There is no doubt that Appellee filed the Fourth Amended Petition before the trial court entered the order denying Appellants’ plea to the jurisdiction, and nothing in the Rules of Civil Procedure proscribe Appellee from doing so. See Hank’s Rest. Grp., 412 S.W.3d at 110. Further, the trial court’s order indicates it denied the plea “[a]fter due consideration of the pleadings and argument of counsel[.]” Accordingly, we must treat it as the live petition before the trial court at the time the plea was denied. See id.; see also TEX.R.CIV.P. 65 (amended pleading supersedes the previous pleading).
Appellee’s brief states it sued Appellants for “wrongful death in violation of the 14th Amendment to the U.S. Constitution, the Texas Constitution, Article 16 § 26, and under the Texas Labor Code § 408.001.” However, the Fourth Amended Petition makes no mention of either constitution in relation to its causes of action. Even if the constitutional issues were properly before the trial court, Texas law is clear that article 16 of the Texas Constitution does not prohibit the legislature from “remov[ing] a purely statutory right to compensation[.]” Travelers Indem. Co. of Illinois v. Fuller, 892 S.W.2d 848, 853 (Tex. 1995). Nor does the constitution create a cause of action for exemplary damages under the Labor Code. See id. at 850, 852-53 (“[T]he reason for adoption of [article 16, section 26 of the Texas Constitution] was to allow for exemplary damages under the Wrongful Death Act[.]”).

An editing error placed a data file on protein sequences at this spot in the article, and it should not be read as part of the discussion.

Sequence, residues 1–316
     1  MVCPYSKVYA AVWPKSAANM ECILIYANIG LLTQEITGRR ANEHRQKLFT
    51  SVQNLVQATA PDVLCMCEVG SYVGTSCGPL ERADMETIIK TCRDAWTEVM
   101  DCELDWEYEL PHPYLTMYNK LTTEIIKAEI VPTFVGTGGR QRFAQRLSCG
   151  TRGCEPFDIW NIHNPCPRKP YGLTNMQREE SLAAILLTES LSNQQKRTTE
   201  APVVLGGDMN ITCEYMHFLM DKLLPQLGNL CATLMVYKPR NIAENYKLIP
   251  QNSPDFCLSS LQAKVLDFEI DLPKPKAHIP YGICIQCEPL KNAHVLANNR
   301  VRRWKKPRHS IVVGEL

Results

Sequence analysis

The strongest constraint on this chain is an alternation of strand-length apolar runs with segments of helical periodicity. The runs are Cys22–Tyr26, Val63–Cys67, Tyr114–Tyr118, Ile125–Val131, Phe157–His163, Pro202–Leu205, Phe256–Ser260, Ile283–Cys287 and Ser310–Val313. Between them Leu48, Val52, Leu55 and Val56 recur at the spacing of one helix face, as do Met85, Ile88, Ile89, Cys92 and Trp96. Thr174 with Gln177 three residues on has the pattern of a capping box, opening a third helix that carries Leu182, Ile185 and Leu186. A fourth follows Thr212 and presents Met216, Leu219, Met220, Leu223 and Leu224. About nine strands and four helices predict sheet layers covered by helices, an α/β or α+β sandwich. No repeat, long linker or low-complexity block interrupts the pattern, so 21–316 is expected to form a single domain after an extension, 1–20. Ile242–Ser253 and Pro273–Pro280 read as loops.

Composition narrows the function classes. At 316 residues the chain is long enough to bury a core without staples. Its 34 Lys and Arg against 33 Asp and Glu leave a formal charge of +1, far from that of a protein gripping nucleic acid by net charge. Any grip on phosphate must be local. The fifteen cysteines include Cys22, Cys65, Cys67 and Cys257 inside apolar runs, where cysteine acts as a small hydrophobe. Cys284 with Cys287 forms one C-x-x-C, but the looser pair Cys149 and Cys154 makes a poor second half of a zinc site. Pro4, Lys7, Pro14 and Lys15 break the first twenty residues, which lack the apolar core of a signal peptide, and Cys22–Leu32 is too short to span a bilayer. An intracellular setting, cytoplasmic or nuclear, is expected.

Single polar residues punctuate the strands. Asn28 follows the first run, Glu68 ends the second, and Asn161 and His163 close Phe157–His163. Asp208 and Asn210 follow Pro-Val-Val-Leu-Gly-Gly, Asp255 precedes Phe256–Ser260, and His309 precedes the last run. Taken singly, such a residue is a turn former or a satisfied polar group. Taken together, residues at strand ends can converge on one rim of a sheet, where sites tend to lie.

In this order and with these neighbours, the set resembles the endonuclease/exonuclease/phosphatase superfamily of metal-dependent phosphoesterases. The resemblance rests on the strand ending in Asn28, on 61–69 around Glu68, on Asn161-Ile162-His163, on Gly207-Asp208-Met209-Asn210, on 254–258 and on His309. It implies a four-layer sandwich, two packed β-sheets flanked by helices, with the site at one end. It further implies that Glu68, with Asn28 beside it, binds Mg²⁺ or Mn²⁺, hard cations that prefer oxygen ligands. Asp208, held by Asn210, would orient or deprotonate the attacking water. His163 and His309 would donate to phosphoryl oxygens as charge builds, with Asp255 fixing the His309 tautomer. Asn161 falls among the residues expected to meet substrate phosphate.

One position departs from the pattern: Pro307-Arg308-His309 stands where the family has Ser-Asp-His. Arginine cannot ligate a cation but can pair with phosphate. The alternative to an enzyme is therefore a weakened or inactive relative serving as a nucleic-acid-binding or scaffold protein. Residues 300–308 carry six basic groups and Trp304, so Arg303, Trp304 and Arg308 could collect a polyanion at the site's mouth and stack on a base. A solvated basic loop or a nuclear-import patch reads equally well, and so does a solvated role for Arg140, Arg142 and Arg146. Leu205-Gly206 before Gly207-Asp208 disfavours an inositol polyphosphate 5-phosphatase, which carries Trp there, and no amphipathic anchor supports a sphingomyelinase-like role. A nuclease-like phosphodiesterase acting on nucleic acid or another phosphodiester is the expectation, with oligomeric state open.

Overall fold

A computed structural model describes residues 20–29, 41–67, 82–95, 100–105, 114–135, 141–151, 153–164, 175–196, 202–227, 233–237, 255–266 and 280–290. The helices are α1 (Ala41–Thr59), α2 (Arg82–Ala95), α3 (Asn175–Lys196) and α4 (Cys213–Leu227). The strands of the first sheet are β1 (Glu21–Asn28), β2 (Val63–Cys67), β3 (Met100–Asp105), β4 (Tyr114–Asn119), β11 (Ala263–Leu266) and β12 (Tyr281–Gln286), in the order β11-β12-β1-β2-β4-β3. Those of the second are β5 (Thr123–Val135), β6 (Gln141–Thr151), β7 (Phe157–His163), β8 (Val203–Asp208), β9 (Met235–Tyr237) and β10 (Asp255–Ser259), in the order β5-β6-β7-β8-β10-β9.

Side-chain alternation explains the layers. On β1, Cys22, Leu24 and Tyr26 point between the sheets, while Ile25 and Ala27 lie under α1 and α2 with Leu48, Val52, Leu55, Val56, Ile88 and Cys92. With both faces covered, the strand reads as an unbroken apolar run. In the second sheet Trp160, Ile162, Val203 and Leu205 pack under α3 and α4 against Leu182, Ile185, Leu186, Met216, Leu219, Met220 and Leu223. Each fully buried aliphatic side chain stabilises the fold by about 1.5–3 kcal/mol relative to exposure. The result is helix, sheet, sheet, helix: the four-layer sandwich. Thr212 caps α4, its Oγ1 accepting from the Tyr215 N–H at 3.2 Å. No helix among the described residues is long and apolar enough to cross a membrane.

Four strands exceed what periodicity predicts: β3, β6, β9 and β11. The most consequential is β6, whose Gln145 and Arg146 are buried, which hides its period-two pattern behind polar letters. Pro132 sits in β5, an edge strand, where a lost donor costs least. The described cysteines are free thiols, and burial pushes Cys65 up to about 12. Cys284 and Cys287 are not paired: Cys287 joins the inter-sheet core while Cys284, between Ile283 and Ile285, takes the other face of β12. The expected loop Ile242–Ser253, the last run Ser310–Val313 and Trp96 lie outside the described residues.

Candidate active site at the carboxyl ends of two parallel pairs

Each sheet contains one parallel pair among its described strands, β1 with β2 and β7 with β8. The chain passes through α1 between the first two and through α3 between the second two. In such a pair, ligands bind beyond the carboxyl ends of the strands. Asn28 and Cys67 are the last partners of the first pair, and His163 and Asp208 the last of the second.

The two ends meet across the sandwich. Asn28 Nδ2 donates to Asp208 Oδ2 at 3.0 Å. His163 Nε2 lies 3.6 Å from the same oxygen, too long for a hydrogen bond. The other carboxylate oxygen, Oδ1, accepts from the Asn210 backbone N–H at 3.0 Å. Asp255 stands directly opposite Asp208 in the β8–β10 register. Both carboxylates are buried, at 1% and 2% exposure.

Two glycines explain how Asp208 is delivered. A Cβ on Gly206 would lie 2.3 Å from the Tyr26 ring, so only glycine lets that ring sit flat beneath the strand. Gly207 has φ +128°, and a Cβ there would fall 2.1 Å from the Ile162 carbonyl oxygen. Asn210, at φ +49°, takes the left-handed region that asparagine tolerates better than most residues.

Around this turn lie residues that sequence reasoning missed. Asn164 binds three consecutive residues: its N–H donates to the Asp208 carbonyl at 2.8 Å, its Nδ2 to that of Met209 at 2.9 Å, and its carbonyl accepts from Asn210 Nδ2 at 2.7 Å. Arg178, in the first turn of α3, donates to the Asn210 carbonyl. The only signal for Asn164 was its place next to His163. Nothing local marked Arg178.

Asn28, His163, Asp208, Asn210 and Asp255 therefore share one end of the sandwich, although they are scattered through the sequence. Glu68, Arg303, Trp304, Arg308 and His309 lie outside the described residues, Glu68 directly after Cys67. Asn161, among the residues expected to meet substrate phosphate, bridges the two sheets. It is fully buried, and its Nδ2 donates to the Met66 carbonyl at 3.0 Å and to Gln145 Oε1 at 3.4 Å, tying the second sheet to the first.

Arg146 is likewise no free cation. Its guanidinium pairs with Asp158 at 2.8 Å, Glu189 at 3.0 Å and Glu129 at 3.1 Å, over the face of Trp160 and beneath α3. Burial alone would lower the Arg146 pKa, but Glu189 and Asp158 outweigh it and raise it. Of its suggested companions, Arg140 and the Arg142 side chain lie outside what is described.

Appellee’s brief states that Subsection 504.002(a)(6) serves as an affirmative defense rather than a bar to immunity. Appellee is incorrect, and does not cite any case law in support of her position. She states that “[a] close reading of Gatlin, however[,] admits there is a cause of action against [Hudspeth County] for the gross negligence causing ... death. It simply restricts exemplary damages. In short[,] it serves as a cap.” However, nothing in Gatlin states that a cause of action can be maintained against a county for gross negligence.
We recognize Subsection 408.001(a) of the Labor Code, which describes the exclusive remedy available to an employee or legal beneficiary who receives workers’ compensation benefits following the employee’s death. See TEX.LAB.CODE ANN. § 408.001(a). However, no evidence was presented by either party regarding whether Mr. Ramirez or his beneficiaries ever actually received workers’ compensation benefits. Accordingly, we do not have adequate evidence to find Appellee is barred from pursuing other remedies against Appellants.
At the time Appellants filed their plea, Appellee’s live petition did not allege a claim under the Tort Claims Act.